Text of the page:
Druids are avatars of nature itself. They can weaponize plants and animals, wrest control over the weather, and even transform into ferocious beasts.
Druids in Arthos
"Some time ago a girl from the nearby hamlet — couldn't be more than 14 — came banging on my door begging I provide a remedy for her ill grandmother. I couldn't refuse the girl, sobbing and grief stricken as she was, so I invited her inside and made a simple clericsroot tincture. It was almost ready when, out of the blue, she inquired as to why everyone in her village feared me. I could only shrug. Years later I believe I have found a satisfactory answer. People of domestic upbringing tend to think of growth as a linear progression, small to big. To me it's the discovery of oneself and the allowance of change. They see my lone cottage and assume it to be some ancient evil, obstinate in its refusal to expand outward. Meanwhile they ignore the beauty of its surroundings; the ever-shifting magnificence of nature's embrace. The so-called adults of that village were no more wise than the girl, perhaps even less so."
- —Girna Jasperheart, circle of the land
A Spontaneous Gift
Nobody ever chooses to become a druid. They are simply born with it. Unlike sorcerers, druids cannot pass their powers on to their children. Druidism reproduces itself through the ever-present magics of The Source powering Arthos' vital heartbeat. About 1 in 6000 living creatures born in Arthos receive the gift of druidism. Even wild animals may receive the gift, although their use of it is limited to the point of irrelevance as they lack cognizance of magic. Since druidism is irreversibly tied to one's soul, only undeath can strip a body of its druidic capabilities.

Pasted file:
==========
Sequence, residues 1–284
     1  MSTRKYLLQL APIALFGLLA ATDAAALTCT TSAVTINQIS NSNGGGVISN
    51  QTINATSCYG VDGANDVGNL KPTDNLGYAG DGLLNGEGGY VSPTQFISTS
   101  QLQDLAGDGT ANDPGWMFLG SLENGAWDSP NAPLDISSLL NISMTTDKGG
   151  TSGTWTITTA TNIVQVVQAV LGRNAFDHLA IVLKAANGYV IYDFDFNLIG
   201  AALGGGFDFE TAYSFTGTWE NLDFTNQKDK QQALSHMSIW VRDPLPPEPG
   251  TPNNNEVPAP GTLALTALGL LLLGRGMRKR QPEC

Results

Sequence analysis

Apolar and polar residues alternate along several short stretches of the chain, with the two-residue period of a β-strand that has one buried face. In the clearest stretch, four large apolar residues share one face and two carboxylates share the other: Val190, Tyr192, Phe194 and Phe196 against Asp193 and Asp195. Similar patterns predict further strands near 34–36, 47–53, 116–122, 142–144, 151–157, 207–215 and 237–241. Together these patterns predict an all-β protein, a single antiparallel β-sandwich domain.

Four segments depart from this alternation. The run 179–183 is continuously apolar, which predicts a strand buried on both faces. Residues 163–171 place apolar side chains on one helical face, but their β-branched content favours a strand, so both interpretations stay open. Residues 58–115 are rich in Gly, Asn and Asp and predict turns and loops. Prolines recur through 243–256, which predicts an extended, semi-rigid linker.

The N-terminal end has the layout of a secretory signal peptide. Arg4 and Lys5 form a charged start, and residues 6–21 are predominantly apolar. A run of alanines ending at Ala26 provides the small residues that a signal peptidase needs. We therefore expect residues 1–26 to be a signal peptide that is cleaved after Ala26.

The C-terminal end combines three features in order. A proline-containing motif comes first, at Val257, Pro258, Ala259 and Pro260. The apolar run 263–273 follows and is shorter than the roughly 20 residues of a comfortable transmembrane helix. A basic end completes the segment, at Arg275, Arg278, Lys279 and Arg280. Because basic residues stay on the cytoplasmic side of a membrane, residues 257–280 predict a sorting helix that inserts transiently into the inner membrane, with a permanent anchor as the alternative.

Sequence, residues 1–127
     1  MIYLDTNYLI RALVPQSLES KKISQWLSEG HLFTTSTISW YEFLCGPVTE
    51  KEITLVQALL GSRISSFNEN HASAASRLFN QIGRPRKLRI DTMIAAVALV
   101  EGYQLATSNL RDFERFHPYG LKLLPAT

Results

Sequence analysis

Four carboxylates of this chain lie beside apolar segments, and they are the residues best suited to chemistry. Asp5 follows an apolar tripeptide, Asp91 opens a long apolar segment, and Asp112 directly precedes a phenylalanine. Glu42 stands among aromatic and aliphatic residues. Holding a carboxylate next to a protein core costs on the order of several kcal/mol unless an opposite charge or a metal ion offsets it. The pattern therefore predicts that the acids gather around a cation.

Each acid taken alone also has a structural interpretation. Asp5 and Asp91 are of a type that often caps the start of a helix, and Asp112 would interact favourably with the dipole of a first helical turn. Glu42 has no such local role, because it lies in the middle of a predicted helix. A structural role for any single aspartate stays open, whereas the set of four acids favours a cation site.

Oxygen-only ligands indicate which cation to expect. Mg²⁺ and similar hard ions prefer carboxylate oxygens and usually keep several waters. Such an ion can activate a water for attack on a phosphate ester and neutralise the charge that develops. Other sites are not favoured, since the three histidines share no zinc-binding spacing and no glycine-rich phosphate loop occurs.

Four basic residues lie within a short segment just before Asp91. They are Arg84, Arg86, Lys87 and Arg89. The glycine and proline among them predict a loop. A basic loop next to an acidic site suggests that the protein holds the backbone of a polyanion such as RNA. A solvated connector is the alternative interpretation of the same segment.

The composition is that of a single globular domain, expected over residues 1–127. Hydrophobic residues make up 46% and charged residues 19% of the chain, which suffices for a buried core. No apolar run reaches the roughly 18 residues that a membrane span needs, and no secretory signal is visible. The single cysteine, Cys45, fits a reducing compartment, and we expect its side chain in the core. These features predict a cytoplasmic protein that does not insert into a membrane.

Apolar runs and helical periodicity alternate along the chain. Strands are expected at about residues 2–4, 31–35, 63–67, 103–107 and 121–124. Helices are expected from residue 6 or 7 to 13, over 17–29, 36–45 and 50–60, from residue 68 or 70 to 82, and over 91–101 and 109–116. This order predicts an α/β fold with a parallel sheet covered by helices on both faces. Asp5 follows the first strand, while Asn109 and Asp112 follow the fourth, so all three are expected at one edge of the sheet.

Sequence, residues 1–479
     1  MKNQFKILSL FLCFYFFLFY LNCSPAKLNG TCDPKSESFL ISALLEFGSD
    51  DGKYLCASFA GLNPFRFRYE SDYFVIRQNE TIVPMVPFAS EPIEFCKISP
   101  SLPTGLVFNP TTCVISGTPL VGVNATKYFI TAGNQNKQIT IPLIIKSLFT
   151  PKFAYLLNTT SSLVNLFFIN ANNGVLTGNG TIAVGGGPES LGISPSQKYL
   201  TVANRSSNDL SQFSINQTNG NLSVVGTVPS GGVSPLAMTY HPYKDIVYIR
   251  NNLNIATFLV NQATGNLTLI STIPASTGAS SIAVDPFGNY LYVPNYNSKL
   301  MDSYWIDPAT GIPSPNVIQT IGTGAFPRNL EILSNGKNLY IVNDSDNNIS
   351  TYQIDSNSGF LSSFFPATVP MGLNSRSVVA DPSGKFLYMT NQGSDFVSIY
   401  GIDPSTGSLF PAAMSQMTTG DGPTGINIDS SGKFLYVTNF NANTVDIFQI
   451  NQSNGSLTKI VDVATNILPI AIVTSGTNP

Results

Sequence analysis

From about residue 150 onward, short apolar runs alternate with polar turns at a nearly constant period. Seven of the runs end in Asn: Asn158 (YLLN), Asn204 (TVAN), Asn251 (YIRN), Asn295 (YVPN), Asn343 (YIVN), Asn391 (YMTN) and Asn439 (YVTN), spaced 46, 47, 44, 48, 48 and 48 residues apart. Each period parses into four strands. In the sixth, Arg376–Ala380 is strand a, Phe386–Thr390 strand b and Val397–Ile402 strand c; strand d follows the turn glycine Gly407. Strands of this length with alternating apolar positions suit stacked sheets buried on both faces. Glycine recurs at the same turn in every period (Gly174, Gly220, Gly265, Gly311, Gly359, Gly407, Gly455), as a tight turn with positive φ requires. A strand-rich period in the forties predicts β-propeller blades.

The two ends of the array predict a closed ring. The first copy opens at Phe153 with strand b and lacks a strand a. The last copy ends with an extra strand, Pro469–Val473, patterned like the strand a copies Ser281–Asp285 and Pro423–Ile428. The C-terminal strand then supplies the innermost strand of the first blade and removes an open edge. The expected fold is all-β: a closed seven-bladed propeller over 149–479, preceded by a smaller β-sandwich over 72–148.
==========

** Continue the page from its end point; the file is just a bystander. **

By nature, druids are largely solitary. Their gift drives them to isolate themselves from society in order to live closer to an environment that brings them peace. Through introspection they grow to discover their druidic circle, or the aspect of Arthos with which they are most closely attuned. From the outside, druids may seem oblique, cagey, even sinister: the image of the duplicitous witch. This reputation is largely undeserved. Druids seek first and foremost to cultivate and protect the land, not to menace outsiders.
Since the recipients of druidism are completely random it stands to reason that some druids may, to varying degrees, reject their druidism. Domestic druids, also known as city druids, are the druids who choose to stay in their place of birth instead of communing with a circle. Even without honing their gift, these druids quickly find their magic helps in day-to-day life, especially in agrarian societies. Fertilizing crops, curing illness, and removing rot from food are some of the ways domestic druids rise to the station of a local celebrity.
Against all odds, druids occasionally manage to find each other. The experience is often jubilant and fruitful. Groves are stretches of wild land tended by an alliance of druids usually but not always of the same circle. They act as a place of power and that of worship, especially for the Children of Rodzik, and as sanctuaries for the wayward druids who manage to find them. Groves are only founded in places of absolute stillness, where the heartbeat of Arthos can be accessed by those who listen. While druids are responsible for cultivating groves, they generally don't stick around for long stretches of time, instead leaving the land in the hands of rangers, clerics, and paladins devoted to gods of nature. Entry into druid groves is otherwise highly restricted for a number of historical reasons.
Wanderlust is a powerful emotion amongst druids. They are people of Arthos after all, and there comes a time when one must expand their horizons. Druids usually don't join adventuring parties for material gain but for highly personal reasons. Perhaps they feel a rift in the tapestry of their life-experiences, or they want to build bonds with people outside of their grove. Regardless, druids will find the life of an adventurer to be perilous, invigorating, and enriching.